Throughout Danilova's catalog thus far, you can also hear a quest for order and precision, her sound morphing from the blackened noise of her 2009 debut album The Spoils, to the haunted goth of her breakthrough Stridulum EP, to 2011's metallic, luminous Conatus, to last year's spare orchestral release Versions. Those records were produced in quick succession, among a whirlwind of touring and collaborative projects with the likes of M83, Orbital,David Lynch, and Jim Jarmusch. "I've been making music my whole life, but I wasn't taking time to grow and make something that felt like a big transition," she says. "I needed to cut myself out of the equation and come to terms with myself."
To record her upcoming full-length Taiga—its title inspired by the forests where she grew up in rural Wisconsin—Danilova spent time across 2012 and 2013 on the island of Vashon in Washington state, where she knew no one. "I like the idea of being that separated from society and civilization," Danilova says. She rented a house with many glass windows overlooking the Puget Sound, and set up a small studio where she wrote every day for nine months, making hundreds of songs and allowing the best ones to slowly reveal themselves. "I was letting my surroundings inform me," she says of her solitude and connection to nature. "Being alone for that long, you start to think about the world in a different way."
Taiga's prevailing theme is one of confidence and fierce independence, audible on the record's peak—and perhaps the most throttling Zola Jesus pop attempt yet—"Dangerous Days". But despite the intensity of her self-imposed isolation, it was Danilova's learning to be less self-reliant that came to define the aesthetic of Taiga, a record she's hoping will bring her to new audiences and even maybe break the Billboard charts.
Along with moving from Sacred Bones to a bigger label in Mute, Danilova also worked with a co-producer, Dean Hurley, for the first time on Taiga. She says Hurley, who's best known for his collaborations with David Lynch, gave her the confidence to realize her ideas most fully. He produced crucial elements, like the cinematic swell and burst that concludes "Dust" (which can be heard in the record's trailer, above). And she worked again with her old opera instructor, taking singing lessons over Skype while in Vashon. "She would be like, 'Girl, you're trying too hard. You gotta just sing!'" Danilova says. She credits her childhood teacher with helping her to find her innate voice again after it had been marred by tension and anxiety. "I had to rebuild it, and I wanted it to be clear," she says. "I'm confident now. I know that I'm saying what I need to say."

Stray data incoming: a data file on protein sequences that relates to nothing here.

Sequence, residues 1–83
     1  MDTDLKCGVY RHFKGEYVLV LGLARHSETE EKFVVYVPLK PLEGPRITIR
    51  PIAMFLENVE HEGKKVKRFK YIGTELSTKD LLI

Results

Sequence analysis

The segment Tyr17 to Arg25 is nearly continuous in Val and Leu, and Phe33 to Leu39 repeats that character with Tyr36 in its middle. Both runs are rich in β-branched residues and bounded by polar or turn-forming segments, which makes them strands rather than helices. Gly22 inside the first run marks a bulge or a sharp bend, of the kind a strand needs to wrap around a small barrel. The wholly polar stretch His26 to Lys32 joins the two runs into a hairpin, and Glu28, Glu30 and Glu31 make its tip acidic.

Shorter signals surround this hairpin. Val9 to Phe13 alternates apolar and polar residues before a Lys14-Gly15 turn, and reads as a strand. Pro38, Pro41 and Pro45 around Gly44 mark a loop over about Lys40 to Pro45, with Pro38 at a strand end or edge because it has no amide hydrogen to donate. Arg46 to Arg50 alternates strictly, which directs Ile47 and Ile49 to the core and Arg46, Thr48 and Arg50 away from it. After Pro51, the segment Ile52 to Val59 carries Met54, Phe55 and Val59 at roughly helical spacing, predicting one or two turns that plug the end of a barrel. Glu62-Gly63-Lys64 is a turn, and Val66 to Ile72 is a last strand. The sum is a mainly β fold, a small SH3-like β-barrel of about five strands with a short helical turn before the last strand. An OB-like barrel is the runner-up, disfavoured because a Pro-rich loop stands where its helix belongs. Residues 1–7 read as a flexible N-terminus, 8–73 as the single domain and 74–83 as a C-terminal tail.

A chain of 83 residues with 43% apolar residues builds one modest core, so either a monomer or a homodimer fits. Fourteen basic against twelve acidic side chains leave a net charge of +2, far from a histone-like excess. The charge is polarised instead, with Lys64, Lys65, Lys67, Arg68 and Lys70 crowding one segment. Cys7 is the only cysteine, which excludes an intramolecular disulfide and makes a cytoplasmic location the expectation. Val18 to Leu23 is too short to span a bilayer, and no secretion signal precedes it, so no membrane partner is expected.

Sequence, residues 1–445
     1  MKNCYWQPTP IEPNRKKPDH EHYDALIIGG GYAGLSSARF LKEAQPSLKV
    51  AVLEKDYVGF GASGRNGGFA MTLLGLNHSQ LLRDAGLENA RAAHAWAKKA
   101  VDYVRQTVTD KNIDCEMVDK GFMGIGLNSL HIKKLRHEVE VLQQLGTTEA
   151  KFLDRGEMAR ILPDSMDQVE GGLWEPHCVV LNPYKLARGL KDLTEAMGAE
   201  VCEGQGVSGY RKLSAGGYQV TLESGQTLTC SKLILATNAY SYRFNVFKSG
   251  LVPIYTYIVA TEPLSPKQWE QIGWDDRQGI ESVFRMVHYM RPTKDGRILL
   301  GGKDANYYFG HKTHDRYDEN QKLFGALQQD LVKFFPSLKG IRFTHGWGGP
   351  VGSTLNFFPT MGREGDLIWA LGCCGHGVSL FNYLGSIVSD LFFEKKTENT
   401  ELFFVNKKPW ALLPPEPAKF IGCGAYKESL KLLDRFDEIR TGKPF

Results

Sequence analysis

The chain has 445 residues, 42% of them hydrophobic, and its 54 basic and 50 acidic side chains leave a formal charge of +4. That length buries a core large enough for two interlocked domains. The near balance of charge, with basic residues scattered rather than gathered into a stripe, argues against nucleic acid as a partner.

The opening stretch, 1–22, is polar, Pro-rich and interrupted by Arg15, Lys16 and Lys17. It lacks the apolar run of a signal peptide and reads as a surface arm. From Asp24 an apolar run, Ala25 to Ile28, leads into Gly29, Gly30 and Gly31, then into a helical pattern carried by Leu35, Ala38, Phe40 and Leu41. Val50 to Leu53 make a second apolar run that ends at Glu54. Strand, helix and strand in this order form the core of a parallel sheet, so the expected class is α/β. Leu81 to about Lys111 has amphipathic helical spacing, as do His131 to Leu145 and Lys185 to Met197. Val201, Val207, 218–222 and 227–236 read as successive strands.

"I feel like humans are a disease—
it's a hard thing to communicate in a pop song."
Pitchfork: Taiga is a kind of forest, and you're from rural Wisconsin—do you have especially vivid memories of forests from when you were growing up?
Nika Roza Danilova: My family still lives on the land where I grew up. It's totally raw. My parents built their house there, and my dad uses it for hunting and firewood. Other than that, we respect it and leave it as is—more than 100 acres of forest. I believe in evolution, so I like to think about my ancestors. My family came from a weird tribe of German-Russian farmers, and their sense of independence is still in my family today. That's why they live in isolation in northern Wisconsin. They've adapted to being Americans, but their soul is the same.